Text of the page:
Do you remember when we were young and everything seemed possible? Do you remember when the future stretched out into an infinite horizon? When we knew no regret and viewed life as an amusement park of sights, smells and opportunities just waiting to be experienced?
Do you remember when The Hold Steady were just starting out? Do you remember when we heard Separation Sunday and realized the promise shown on Almost Killed Me had come intro fruition? Do you remember when we thrilled to the piano fills on Boys and Girls in America, the sound of a band in full possession of its powers? Do you remember how we thought The Hold Steady was just entering what would be a long and fruitful prime? Do you remember when we heard Stay Positive, and thought it was really good but not quite up to par with the last two? Do you remember hearing that Franz left the band and worrying for its future? Do you remember hearing Heaven is Whenever and realizing those fears were well-founded? Do you remember how we equated The Hold Steady’s career arc with our own mortality?
That last one was just me, huh?
Regardless, the next stage in a once-great band’s decline seems all but assured now that Craig Finn is working on a solo album.
Hey, Craig? That never really seems to work out.
When bands see their initial burst of momentum expire, when they experience that first collective moment of doubt and unease, they often don’t know how to handle it. Their careers to that point have been all upswing, and they can’t cope with creative stagnation, mediocre reviews and shrinking audiences.
In those circumstances, the singer or lead songwriter or lead guitarist often decided to make a solo album. They theorize, and they explain to their bandmates, that the side project will help them out of their creative rut by allowing them to expand their sound or work on songs that don’t fit within the band’s structure. Then, the soloist can come back to the band recharged and ready for a revitalized Act II of the group’s career. But in pop music, as in America, there are no second acts.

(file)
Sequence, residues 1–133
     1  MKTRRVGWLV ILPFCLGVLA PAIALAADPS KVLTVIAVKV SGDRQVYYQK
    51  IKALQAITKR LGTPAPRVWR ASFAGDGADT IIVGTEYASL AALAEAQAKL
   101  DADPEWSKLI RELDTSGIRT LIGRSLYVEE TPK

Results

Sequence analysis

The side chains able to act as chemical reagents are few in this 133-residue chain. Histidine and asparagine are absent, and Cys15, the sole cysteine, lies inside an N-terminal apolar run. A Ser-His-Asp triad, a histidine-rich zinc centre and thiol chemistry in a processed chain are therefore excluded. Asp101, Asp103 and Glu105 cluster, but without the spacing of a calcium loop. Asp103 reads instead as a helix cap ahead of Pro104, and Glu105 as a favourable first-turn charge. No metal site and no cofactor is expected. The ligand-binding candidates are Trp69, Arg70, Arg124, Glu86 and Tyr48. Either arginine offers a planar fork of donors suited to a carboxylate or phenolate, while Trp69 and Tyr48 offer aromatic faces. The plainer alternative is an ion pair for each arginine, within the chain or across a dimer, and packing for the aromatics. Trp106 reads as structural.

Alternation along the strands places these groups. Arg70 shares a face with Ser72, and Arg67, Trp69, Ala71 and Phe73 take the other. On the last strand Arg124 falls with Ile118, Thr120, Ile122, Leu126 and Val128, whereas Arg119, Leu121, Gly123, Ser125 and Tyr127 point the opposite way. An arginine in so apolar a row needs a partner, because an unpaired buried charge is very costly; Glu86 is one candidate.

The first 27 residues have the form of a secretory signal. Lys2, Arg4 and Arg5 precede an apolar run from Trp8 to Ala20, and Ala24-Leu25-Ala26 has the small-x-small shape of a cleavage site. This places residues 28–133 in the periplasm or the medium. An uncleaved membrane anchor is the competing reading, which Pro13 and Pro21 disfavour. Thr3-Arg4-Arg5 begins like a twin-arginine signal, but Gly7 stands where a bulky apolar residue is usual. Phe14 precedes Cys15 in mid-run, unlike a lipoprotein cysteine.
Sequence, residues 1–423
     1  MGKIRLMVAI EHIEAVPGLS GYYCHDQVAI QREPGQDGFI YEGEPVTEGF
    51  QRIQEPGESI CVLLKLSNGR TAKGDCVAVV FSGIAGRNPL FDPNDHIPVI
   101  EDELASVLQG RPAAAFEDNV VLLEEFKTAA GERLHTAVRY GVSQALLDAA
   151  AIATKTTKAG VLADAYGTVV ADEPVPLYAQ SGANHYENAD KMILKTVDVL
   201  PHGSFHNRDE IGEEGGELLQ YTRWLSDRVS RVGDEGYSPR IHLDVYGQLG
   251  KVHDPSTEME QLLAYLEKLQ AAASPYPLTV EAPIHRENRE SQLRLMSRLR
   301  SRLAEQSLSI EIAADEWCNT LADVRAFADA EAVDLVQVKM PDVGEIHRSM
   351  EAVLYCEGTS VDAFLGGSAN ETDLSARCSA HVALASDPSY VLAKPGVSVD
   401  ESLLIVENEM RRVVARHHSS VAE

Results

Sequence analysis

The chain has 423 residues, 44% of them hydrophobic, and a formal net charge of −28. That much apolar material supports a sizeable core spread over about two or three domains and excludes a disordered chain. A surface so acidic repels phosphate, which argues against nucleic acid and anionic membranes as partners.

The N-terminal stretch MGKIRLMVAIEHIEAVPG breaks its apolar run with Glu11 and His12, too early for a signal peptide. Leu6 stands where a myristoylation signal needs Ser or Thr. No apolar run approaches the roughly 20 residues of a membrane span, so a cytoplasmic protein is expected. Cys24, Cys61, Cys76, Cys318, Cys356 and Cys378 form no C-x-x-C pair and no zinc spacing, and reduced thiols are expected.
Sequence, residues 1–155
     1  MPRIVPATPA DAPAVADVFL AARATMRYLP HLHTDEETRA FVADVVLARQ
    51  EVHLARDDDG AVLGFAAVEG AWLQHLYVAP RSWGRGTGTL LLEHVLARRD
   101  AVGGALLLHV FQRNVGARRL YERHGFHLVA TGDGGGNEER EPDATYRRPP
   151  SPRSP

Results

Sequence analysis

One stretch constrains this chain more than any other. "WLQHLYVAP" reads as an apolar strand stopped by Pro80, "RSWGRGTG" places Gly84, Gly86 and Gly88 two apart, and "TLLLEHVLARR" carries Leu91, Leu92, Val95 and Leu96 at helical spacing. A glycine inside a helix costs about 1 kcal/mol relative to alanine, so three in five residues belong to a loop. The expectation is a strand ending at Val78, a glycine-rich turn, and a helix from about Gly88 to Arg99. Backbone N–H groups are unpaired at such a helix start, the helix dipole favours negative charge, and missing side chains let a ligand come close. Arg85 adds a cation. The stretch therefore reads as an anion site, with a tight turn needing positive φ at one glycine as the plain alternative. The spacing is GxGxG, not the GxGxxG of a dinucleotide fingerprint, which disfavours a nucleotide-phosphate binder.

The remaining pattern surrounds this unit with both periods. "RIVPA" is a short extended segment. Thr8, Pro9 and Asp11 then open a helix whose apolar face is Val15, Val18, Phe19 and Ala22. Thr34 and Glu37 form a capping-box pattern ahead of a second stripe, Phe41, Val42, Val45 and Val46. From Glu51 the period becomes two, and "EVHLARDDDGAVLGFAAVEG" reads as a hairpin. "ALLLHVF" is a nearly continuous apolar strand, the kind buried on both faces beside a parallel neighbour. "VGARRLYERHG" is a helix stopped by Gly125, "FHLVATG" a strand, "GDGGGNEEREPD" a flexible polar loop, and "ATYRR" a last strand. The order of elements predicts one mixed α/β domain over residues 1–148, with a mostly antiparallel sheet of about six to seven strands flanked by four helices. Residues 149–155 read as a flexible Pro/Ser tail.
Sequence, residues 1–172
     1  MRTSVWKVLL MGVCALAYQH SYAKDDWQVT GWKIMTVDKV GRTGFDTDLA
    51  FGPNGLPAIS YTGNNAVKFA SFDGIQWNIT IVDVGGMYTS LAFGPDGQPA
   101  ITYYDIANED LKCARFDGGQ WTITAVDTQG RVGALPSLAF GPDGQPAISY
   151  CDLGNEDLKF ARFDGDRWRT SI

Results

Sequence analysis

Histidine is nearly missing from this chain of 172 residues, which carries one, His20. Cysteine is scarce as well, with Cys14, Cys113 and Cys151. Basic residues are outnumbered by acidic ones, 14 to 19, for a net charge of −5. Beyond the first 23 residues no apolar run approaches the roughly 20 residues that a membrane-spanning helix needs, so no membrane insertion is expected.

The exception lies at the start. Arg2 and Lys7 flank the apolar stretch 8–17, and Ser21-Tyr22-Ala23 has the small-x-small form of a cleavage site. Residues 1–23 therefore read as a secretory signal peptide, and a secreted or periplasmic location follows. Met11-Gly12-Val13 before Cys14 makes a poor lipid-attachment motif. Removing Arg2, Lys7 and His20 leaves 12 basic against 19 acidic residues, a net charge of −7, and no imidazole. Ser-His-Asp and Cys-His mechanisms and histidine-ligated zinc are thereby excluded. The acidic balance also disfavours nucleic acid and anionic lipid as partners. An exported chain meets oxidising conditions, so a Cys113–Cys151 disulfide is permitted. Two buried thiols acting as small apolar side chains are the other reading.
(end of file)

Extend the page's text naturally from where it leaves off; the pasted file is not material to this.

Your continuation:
And the solo album almost never works, either on its own or as part of its stated purpose to reverse the band’s flagging energy. The best-case scenario is that the breakout solo act turns into something valuable on its own, and the band dies an honest death. More often than not, it’s messier than that.
Look at some prominent examples:
- Mick Jagger and Keith Richard’s solo efforts are mostly worthless (five-star Rolling Stone reviews notwithstanding), and they haven’t prevented the Rolling Stones from putting out garbage like Bridges to Babylon.
- Jenny Lewis’s solo work signaled her disinterest in Rilo Kiley — a disinterest that showed nakedly on the band’s final album.
- Similarly, Julian Casablancas’ Phrazes For The Young is decent, but foreshadowed the situation where he recorded the vocals for The Strokes’ Angles in a different city from where the rest of the band recorded.
- Rhett Miller threatened to beat the trend with his solo debut, The Instigator. Freed from the alt-country confines of the Old 97s, Miller’s natural gift for pop shone through. But his subsequent efforts offered diminishing returns, and the 97s as a unit were unable to stop their precipitous decline.
- Like Miller, Stevie Nicks managed one really good solo album (Wild Heart), but Fleetwood Mac never recovered. Probably due to Lindsey Buckingham’s hurt feelings that her solo album sold better than his.
- Say what you want about The Killers, but their first album is really strong. Brandon Flowers’ solo work, on the other hand, not so much.
- Thom Yorke/The Eraser. No. Nope.
- Eddie Vedder/Just Fucking Around on This Ukulele I Barely Know How to Play. No. Nope.
- Michael Hutchence was in the process of recording his first solo album without his INXS mates. He died while masturbating and hanging from a hotel room ceiling. That’s pretty much the worst-case scenario.
There are a few minor exception, like A.C. Newman and the New Pornographers. Newman’s solo work resembles his stuff with the Pornographers’, just a little slower and with fewer girls singing harmony. But it’s not like his solo albums are must-hear. And examples like that are far outweighed by those that have turned out poorly for all involved.
So music fans — beware. If you hear that your favorite band’s lead singer is working on a solo album, it’s probably time to start looking for a new favorite band. As I am currently doing. Sorry, Craig. I’m not keeping the faith.